Rose Petal Wine - Petal Amount

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brandonman

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This is a pretty basic question, that I can't find an answer to.

I have a few rose bushes that I have been harvesting flowers from this year. I want to make a rose petal wine. I am freezing the petals to preserve them until I've harvested enough off the plant.

How Much Is Enough for a gallon batch? All the recipes I can find are the nebulous "2 pints, lightly compacted", "about 6 cups", "2 quarts", etc. Which, as you can imagine, is incredibly fungible based on how hard "lightly compacted" is.

For people who have done a rose petal wine, what was the OUNCE or GRAM weight of the rose petals you used per gallon? Thanks!
 

Vinobeau

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I've been doing Rose Petal wine for close to 40 years, but i've never bothered to weigh the petals! I've only made the wine from wild petals and use between 1.7 - 2 qts per gallon. They naturally compress a bit by the time you pick the 2 quarts - seems like you never reach it. I often will have to pick and then freeze the petals and wait for some more to pick. If you make it - add some sprigs of dill with the seed to a few bottles!
 

brandonman

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Thanks for the Dill tip! I had this worry of not getting the right amount through freezing and then thawing before doing the measurement by volume (loss of liquid, etc). Seems that's not a concern. Thanks.

I think part of the reason I wanted to get an actual weight measurement was to *know* when I'm ready to go. I don't want to thaw these out and measure the compressed volume, only to need to freeze them again. Seems like it could do some structural damage doing that over and over.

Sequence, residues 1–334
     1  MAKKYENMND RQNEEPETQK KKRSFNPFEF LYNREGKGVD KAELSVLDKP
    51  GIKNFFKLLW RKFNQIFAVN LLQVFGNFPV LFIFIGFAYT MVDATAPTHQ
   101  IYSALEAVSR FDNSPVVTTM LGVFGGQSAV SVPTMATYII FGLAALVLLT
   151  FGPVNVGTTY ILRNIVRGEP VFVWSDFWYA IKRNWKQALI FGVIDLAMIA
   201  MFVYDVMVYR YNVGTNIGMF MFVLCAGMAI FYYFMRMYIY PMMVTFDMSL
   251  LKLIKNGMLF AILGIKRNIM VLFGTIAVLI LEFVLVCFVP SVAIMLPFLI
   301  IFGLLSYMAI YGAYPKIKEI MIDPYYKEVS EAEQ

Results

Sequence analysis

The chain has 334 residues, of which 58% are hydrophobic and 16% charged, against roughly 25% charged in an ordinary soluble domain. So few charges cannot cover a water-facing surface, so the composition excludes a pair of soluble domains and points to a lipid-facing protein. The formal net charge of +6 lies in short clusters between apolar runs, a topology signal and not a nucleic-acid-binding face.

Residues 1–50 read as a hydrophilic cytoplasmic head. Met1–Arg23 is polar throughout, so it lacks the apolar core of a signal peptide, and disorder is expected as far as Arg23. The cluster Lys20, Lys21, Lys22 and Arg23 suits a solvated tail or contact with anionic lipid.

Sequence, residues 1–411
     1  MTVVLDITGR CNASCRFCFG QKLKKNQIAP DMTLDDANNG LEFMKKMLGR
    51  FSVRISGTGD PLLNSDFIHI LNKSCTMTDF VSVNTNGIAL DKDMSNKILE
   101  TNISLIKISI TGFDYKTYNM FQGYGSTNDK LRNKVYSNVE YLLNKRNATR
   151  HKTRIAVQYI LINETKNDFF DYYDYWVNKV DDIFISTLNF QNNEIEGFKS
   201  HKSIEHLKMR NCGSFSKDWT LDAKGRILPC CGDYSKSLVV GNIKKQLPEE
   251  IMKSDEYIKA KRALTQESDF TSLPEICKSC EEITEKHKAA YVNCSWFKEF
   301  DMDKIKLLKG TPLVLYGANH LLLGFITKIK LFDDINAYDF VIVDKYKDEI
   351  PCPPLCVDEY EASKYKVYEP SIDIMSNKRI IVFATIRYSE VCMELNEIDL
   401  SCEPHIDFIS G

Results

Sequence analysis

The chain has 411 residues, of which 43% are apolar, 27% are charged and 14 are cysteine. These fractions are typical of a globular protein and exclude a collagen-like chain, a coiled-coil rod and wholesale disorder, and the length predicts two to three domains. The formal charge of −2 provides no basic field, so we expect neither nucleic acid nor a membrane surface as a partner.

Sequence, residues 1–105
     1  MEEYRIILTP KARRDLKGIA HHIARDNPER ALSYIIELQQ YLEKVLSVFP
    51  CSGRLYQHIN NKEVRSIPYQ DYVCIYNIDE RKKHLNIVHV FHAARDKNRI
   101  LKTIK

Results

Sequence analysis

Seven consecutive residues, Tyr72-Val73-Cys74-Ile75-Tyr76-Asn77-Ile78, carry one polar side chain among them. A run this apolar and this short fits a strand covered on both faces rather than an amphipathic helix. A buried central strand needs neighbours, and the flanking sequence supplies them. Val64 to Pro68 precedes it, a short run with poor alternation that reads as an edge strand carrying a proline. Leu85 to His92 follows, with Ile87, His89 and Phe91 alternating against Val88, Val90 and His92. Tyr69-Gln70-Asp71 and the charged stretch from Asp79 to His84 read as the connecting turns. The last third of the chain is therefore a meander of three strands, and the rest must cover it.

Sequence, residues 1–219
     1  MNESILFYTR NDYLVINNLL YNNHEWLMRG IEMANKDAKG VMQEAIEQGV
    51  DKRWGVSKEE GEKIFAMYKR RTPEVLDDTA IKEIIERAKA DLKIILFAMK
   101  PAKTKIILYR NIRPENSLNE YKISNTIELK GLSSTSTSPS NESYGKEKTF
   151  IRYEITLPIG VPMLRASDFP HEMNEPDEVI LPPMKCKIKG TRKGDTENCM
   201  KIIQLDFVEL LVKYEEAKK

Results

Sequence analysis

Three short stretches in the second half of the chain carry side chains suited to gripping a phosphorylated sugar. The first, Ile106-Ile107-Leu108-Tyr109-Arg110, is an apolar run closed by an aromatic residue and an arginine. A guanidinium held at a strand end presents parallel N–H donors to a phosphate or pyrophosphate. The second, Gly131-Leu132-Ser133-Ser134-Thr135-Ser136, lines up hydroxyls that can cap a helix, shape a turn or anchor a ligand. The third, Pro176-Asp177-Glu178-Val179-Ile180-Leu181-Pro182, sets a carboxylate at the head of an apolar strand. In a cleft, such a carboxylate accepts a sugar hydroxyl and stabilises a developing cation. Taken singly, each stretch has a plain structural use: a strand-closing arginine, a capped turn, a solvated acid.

If it ends up that nobody has measured this before, I'll provide a chronicle of my escapade here, once I feel I've got enough petals!
 

BernardSmith

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I have to say that the volume people cite for making any kind of flower wine drives me up the wall. Volume has no meaning whatsoever when it comes to measuring solids. I know that cook books in the US use cups and spoons as measures but that is the same piece of malarky: a cup of finely ground sugar can be almost twice as much (by weight) as a cup of roughly ground sugar and a cup of flour that is loosely packed is far less than a cup of flour that is scooped from the bag. Give me solid measures by their weight and liquid measurements by their volume and when you give me a liquid volume give me that volume in a universally understood metric such as liters (or ml). What the hell is a cup? Is a cup in Texas the same size as in London?
 

brandonman

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I have to say that the volume people cite for making any kind of flower wine drives me up the wall. Volume has no meaning whatsoever when it comes to measuring solids. I know that cook books in the US use cups and spoons as measures but that is the same piece of malarky: a cup of finely ground sugar can be almost twice as much (by weight) as a cup of roughly ground sugar and a cup of flour that is loosely packed is far less than a cup of flour that is scooped from the bag. Give me solid measures by their weight and liquid measurements by their volume and when you give me a liquid volume give me that volume in a universally understood metric such as liters (or ml). What the hell is a cup? Is a cup in Texas the same size as in London?
I'm generally fine with volume measurements. But, for something as fungible as "lightly compacted flower petals", it becomes incredibly questionable, at best, to me!
 
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